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MANUFACTURERS PRODUCTION MODEL OF THE UNITED STATES MARINE CORPS OFFICERS DRESS BLUE COAT – “SEALED SAMPLE” IN EXCELLENT “LIKE NEW” CONDITION – EXTREMELY RARE HISTORICAL UNIFORM:  Extraordinarily rare, this United States Marine Corps Field and Company Grade Officers Dress Blue Uniform Coat is the Production Model, or “Sealed Sample”, that was used by the S. Abrahams & Company (SACO Uniforms) of Philadelphia, Pennsylvania to create the patterns they used to manufacture this uniform.   

This system of contract patterns dates back to the earliest days of the United States.  As the armed services introduced new patterns of uniforms, accoutrements, and equipment, and began to let out contracts to the civilian manufacturers to produce the goods, the contractors required a pattern piece to ensure the pieces they made and delivered would be accepted.  The Ordnance and Quartermaster Departments retained the “sealed pattern”, the specific specimen which had been manufactured to specifications and had been reviewed and accepted by the equipment or uniform examining boards.  In order to secure a working pattern piece to use in their respective work shops, the contractors were required to send an employee to the government repository – an arsenal or depot - where the contractor’s employee was allowed access to the “sealed pattern” in order to make his own pattern piece.  These “pattern” or “sample” pieces were, and are, extremely important links in the supply system and are significant relics that document the history of clothing and equipping the US Armed Forces.  As you can imagine, these pattern pieces are quite rare, likely survived in very limited numbers, and are seldom offered for sale.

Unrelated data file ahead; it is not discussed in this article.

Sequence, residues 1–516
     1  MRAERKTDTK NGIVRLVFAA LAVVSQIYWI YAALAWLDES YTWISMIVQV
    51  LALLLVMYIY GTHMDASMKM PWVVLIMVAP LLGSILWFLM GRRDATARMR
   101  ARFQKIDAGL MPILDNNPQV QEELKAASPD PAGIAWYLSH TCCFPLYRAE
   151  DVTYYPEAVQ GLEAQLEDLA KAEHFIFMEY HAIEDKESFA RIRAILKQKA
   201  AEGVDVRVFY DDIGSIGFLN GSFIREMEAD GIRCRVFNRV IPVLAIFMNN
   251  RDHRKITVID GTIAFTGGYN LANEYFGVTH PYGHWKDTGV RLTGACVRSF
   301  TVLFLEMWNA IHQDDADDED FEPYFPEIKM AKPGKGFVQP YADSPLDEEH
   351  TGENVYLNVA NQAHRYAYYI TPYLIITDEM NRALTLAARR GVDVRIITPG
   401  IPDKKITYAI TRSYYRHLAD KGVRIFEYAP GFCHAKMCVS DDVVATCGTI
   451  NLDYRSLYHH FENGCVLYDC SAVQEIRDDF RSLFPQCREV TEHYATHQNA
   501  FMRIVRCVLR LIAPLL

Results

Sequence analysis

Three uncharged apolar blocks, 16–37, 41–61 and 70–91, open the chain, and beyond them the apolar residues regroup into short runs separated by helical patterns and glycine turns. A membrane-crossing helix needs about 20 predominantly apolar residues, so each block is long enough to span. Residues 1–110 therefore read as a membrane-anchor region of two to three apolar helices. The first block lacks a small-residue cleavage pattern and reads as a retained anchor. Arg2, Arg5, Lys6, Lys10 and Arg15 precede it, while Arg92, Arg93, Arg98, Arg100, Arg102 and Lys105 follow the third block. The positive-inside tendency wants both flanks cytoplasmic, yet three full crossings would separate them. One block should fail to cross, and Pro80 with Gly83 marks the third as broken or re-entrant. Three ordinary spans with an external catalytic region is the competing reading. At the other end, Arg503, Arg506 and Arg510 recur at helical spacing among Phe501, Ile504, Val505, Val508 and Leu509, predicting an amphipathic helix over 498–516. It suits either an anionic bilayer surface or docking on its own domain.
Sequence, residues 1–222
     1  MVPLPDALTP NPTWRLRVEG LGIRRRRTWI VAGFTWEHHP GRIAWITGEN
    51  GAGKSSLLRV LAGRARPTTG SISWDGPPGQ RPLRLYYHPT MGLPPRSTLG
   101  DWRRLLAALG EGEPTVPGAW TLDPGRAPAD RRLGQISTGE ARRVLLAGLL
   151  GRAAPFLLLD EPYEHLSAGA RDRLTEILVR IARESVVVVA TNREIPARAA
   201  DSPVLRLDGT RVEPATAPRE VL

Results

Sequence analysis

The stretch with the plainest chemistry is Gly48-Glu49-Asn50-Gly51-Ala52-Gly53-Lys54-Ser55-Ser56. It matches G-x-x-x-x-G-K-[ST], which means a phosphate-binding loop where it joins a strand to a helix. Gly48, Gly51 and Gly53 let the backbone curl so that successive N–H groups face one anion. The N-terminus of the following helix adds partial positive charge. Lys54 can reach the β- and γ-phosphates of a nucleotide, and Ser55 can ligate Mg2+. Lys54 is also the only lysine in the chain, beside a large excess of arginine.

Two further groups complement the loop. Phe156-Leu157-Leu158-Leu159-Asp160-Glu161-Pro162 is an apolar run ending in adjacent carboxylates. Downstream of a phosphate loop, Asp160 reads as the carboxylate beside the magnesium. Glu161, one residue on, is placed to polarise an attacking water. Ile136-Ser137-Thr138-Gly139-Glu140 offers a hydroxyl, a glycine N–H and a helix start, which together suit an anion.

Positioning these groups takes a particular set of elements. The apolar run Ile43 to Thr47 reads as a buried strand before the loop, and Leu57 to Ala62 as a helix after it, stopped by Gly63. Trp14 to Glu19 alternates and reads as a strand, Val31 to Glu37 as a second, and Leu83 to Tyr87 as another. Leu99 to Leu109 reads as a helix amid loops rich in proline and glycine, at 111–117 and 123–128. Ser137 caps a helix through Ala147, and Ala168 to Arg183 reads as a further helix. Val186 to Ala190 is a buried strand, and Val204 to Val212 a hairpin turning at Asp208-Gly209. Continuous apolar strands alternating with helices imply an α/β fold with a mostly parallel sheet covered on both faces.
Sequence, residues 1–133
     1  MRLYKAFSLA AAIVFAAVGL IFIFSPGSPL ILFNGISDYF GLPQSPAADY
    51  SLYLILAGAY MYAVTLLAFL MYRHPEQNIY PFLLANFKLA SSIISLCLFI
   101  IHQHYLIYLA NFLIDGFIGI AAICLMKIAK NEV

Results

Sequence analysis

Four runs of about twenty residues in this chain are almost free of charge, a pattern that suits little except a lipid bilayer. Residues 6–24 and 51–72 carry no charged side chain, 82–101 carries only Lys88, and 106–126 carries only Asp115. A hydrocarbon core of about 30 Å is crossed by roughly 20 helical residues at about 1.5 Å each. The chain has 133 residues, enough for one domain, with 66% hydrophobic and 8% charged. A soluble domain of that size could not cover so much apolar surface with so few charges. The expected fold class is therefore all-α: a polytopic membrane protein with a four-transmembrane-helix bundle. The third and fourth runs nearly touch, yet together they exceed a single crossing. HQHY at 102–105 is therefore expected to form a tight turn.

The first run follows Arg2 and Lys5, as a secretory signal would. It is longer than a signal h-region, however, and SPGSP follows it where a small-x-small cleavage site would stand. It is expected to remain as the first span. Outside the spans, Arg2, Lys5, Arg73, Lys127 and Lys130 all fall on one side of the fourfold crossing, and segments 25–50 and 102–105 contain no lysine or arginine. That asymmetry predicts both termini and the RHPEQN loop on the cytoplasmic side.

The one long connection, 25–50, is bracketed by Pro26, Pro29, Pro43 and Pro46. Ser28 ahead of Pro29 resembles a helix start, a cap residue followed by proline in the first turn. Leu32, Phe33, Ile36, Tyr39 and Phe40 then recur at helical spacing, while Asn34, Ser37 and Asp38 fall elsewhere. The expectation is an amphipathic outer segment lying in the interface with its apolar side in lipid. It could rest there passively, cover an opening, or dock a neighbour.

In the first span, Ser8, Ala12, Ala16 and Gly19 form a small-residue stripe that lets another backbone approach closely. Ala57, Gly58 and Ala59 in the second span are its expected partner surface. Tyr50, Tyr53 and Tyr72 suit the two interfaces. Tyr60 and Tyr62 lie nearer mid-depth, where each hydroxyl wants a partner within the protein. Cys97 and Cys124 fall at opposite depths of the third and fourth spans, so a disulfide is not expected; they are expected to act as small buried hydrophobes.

This USMC Officer’s Dress Uniform Coat Production Model was approved in 1957, as documented on the official USMC three card set of specifications that accompany the coat.  The design and cloth specifications are detailed on the three cards and are approved by the original signature in ink of the issuing Marine Corps officer.  The three cards are identified further by a serial number “411”, assigned by the Marine Corps, and each is dated stamped, “July 30, 1957”.  The cards were laminated in order to protect them while they were in use by the company’s employees.   

Simon Abrahams was in established in Philadelphia in the clothing industry as early as the American Civil War, and is listed as a supplier of uniforms and insignia, and I found one lodge sword that bore his company’s name on the blade.   S. ABRAHAMS & CO., INC., of Philadelphia filed the federal trademark registration for SACO on July 16, 1948.  That registration expired in 1992 and it appears the company is now out of business.    

As expected, this coat is in like new condition, showing no ill effects of age, handling or poor storage.  The condition of the cloth and the brilliance of the gilt plated buttons remains as the day it was made.  All of the identifying tags are present, as of course are the buttons.   

This is simply a spectacular piece, quite probably, and literally, one of a kind, the like of which can not be duplicated.  The sort of piece that will quietly disappear into another private collection, it is truly a pleasure to offer this  Production Model USMC Officer’s Uniform Coat.  (0205)  $750    

 

 
 
 
 
 
 
 
 
 
 
 
 

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